SARASOTA, Fla. -- Despite northerly winds helping to push red tide away from the Pinellas County coastline, areas south can't shake the toxic blooms.
Concentrations of red tide, made up of the K. brevis organism, remain high across Charlotte, Lee and Sarasota counties, per the latest Florida Fish and Wildlife Conservation Commission report.
To an extent, the situation remains dire: There is an "unusual mortality event occurring right now," especially in Lee and Collier counties, FWC spokeswoman Michelle Kerr said.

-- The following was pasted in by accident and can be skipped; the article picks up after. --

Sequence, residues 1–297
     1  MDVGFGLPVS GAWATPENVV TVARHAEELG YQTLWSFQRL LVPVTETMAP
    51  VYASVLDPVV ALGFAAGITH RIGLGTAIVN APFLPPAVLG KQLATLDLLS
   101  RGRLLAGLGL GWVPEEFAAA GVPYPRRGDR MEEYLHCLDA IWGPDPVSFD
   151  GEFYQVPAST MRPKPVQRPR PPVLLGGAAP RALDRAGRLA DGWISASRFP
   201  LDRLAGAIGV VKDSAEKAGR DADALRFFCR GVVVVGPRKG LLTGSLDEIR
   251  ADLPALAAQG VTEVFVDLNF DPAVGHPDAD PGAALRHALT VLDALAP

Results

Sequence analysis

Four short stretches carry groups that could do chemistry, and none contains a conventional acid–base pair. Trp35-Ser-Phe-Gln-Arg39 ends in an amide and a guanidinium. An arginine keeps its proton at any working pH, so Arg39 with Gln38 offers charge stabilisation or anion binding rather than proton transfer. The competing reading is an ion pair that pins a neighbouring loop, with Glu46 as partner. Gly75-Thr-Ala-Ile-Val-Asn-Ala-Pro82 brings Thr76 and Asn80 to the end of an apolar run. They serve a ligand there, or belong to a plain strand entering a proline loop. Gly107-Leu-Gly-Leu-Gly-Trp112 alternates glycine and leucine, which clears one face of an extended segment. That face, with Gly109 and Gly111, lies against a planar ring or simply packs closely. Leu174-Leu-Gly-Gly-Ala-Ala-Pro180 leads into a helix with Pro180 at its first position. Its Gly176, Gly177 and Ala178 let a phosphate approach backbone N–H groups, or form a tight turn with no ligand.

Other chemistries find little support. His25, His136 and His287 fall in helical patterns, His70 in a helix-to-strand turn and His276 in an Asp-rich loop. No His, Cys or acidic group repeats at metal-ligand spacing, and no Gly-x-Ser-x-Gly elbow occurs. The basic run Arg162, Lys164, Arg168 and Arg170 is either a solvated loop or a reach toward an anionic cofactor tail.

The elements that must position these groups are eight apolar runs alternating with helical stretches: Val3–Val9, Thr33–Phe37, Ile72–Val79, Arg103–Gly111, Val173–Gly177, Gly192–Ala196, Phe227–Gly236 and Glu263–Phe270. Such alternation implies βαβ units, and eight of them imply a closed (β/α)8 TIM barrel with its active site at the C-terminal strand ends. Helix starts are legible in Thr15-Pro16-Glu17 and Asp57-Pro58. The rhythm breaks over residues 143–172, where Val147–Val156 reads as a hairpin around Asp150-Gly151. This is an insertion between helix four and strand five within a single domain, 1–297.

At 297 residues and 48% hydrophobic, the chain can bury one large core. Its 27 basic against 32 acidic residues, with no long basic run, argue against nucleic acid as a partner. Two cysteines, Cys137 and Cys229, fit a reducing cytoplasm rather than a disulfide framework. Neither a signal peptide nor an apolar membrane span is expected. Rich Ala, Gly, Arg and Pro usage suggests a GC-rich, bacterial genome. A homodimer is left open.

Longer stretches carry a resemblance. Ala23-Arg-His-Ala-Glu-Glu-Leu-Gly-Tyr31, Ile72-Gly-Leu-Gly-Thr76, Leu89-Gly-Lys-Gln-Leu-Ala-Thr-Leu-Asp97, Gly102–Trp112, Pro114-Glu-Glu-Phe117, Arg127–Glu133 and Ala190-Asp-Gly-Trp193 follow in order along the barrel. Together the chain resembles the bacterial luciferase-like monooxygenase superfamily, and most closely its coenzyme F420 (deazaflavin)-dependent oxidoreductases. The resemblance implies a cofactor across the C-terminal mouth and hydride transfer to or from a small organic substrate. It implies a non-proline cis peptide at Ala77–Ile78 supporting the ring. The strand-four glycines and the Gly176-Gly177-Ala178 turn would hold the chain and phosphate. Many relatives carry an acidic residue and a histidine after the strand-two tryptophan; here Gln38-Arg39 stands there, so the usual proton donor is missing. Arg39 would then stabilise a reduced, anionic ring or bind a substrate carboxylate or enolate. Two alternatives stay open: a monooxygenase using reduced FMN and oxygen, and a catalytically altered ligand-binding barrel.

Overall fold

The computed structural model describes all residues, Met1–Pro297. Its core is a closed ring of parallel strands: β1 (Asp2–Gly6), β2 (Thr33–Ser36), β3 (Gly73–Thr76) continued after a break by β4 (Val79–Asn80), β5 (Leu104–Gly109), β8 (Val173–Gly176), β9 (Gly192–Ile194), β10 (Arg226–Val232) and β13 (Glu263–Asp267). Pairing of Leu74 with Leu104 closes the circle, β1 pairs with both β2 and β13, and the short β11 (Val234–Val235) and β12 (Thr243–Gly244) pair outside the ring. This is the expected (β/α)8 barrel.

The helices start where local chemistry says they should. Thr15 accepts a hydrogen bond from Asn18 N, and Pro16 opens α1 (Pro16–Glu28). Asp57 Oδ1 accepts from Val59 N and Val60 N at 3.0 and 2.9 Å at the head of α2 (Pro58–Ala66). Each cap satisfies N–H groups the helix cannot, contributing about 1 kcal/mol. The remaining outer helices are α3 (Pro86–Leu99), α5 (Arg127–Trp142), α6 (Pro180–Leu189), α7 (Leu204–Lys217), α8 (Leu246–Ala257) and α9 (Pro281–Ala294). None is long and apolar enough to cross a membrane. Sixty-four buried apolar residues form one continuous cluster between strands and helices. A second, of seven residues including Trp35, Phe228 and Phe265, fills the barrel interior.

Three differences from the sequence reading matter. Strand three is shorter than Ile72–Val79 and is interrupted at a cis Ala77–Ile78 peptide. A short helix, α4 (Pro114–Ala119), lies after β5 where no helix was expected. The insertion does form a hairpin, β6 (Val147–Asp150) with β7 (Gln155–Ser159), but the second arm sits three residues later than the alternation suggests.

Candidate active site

Naples' News-Press reports 37 dolphins have washed up dead since last Wednesday, with 15 of those found Tuesday.
The animals' exact cause of death remains unknown, but there's a likely culprit.
“We do suspect red tide at this point, just because it's been so prevalent in the area,” Blair Mase, a marine mammal stranding coordinator for the National Oceanic and Atmospheric Administration, told the newspaper.
“We've seen dolphins impacted by it for months.”
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